By Drew AIles
By Taylor Boylston
By Bree Davies
By Emerald O'Brien
By Gina Tron
By Jon Solomon
By Drew Ailes
Your leader and our lapdog" is how Paul Weller describes President George W. Bush and British prime minister Tony Blair. Blair is the youthful liberal who seems to be the only world leader dumb, or crazy, enough to back Bush unconditionally in his imminent war against Iraq. "It took eighteen years to get rid of Thatcher and get Blair's Labor government in, and now he just takes orders from Bush," says Weller. "It's sad that after all this time, nothing's really changed."
Maybe nothing's changed in the realm of bipartisan politics over the last couple of decades, but in Weller's life, just about everything has. The 44-year-old songwriter has gone from teen pinup to soul balladeer to pop elder statesman in the course of his quarter-century in the music business. Nowadays, though, he seems content doing what he does best: writing songs.
A native of Woking, England, Weller made his first mark in the world in 1977 at age eighteen as the singer/guitarist for the Jam. A contemporary of the Sex Pistols and the Clash, the Jam force-fed raw chunks of punk aggression into the classic British songwriting tradition of the Small Faces and the Kinks -- in the process becoming the most consistent English chart-placing group since the Beatles. Weller's revival of mid-'60s mod fashion and sound provided a sharp contrast to the glitzy futurism of new wave. As the band wound down in the early '80s, it began to experiment with funk, post-punk and psychedelia, but it never lost touch with its nose-to-the-grindstone punk essence.
After the Jam disbanded in 1982, Weller formed the Style Council, a much more polished outfit that swept through the synthesized '80s with a soft, pastel-soul sophistication. The band's 1983 near-hit in the United States, "My Ever Changing Moods," remains a staple of AOR-radio programming. The Council adjourned in 1989 after a deep drop in popularity, prompting Weller to go solo, a move that saw him adopt a more mature, organic style. Although it took a while for his soulful hybrid of Marvin Gaye, Nick Drake and Traffic-era Steve Winwood to catch on, he refused to include any of the Jam's songs in his solo live sets, regardless of how much it might have bolstered his in-concert appeal.
"On my rocky road climbing back up after the Style Council, I just wanted to try to make it on my own merits," he says, shrugging off the fact that the eighteen Top 40 hits he wrote for the Jam clearly fall into the domain of "his own merits." "I didn't want to trade in on nostalgia. I wanted it to be new stuff, a new direction. But now I kind of think I've proven my point."
Point taken. Weller occupies a perennial post atop the pop charts in the United Kingdom, and in 2000, he set up a sold-out tour performing acoustic versions of material from his first five solo albums. On a whim, he spiked the set list with Jam anthems like "That's Entertainment" and "A Town Called Malice."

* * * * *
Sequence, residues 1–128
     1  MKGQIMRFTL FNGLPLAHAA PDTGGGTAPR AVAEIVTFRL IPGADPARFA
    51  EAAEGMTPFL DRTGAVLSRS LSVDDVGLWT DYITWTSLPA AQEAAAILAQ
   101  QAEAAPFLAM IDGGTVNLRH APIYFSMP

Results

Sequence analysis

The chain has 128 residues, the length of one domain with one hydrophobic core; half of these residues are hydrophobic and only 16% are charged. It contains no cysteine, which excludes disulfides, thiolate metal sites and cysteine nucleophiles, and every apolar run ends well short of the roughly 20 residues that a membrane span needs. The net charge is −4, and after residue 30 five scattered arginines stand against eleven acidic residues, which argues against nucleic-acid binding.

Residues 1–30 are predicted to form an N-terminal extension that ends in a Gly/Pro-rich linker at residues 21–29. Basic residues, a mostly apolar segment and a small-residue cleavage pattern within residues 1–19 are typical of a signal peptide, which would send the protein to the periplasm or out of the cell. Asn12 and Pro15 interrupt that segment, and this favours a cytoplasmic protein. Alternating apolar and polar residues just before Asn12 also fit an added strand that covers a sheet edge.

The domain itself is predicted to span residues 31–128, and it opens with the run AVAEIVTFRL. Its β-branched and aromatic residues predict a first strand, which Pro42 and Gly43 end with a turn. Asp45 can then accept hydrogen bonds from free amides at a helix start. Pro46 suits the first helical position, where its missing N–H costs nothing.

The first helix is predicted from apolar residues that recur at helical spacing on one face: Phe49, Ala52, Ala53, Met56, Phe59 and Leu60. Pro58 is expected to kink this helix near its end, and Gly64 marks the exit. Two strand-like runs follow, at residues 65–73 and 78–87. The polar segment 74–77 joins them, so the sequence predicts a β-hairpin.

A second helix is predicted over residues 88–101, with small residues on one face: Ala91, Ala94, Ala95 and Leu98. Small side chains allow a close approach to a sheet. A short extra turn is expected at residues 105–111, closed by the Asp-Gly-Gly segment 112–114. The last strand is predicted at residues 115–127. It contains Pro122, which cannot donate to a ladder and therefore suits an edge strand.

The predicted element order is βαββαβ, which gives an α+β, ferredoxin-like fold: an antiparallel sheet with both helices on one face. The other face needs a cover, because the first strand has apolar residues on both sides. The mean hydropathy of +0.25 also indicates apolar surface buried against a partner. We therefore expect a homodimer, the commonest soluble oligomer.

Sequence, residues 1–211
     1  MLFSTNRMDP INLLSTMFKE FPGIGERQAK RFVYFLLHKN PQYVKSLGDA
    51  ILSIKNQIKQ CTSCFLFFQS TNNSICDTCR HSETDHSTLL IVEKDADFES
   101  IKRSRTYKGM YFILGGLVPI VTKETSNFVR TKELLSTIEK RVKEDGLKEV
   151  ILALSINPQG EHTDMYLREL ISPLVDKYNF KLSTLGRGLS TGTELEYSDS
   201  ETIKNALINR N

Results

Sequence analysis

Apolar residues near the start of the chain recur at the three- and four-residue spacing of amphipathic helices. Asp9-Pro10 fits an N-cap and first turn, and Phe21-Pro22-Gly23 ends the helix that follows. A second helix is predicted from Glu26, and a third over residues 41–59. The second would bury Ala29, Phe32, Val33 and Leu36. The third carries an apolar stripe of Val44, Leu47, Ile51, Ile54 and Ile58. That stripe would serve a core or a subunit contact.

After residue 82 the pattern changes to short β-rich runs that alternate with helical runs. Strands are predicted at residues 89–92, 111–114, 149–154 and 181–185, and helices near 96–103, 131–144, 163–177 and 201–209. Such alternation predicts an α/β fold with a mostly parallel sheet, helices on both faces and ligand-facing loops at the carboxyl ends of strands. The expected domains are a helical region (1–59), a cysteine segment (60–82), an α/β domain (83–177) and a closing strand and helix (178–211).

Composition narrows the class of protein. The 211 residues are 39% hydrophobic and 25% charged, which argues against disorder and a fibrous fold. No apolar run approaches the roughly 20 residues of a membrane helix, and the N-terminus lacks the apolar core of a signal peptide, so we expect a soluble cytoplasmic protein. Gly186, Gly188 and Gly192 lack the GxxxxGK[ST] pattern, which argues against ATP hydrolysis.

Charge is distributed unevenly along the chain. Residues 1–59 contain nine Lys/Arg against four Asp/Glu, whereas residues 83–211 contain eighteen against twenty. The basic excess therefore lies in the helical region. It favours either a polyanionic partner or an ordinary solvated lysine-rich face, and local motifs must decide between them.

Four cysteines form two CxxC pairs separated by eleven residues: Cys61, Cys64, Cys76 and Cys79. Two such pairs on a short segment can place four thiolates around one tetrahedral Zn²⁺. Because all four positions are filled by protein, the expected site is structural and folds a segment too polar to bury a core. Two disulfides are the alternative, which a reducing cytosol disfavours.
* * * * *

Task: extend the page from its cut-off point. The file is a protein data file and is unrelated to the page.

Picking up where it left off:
"I just kind of sprang it on people. I remember playing "English Rose," which I think the Jam only played in the studio. No one had ever heard that song live, actually," he recalls. Some of these unplugged tracks, along with the audience's enraptured response, are captured on his Days of Speed live album. Weller says, chuckling in reminiscence: "I think that was quite a surprise to a lot of people."
Some may also find themselves quite surprised by Illumination,Weller's new album and his first to be released in the States since 1997's Heavy Soul. Gone are the slick varnishes and orchestral arrangements of 2000's Heliocentric; in their place are the rough-hewn textures of first-take demo recordings. The sound is raw, unfiltered Brit rock with a thorny edge of pop, blues, folk and soul.
"I was disappointed with Heliocentric. It took about three and a half weeks to record it and then seven or eight to mix it. It was fucking ridiculous," Weller admits. "There's a lot of good things about modern studio technology, but sometimes it gets really frustrating. The whole technological process of recording these days is sort of soul-sapping to me."
"With Illumination, I wanted to get back to making records quickly," he continues. "Just getting the performance down, and the spirit of the track too. If it's a good song and everyone who's playing is into it, who cares whether the high hat's perfect or not?"
Surely it doesn't hurt to have an illustrious backup band in the studio. Besides the usual assist from Style Council drummer Steve White and Ocean Colour Scene's Steve Craddock and Damon Minchella, Weller enlisted the guitar expertise of the Stone Roses' Aziz Ibrahim, as well as Oasis's Gem Archer and Noel Gallagher. Weller, of course, is merely returning the favor: His is the soaring solo on Oasis's 1995 smash "Champagne Supernova."
"The first song we did for the album was 'One X One.' It was just me and Gem playing some acoustic guitars and Noel playing some percussion behind us, then Noel put the bass on," Weller says. "It's just the demo, really, so there are bits that are out of tune and little fuckups, but I don't think the recording would have been improved by changing them."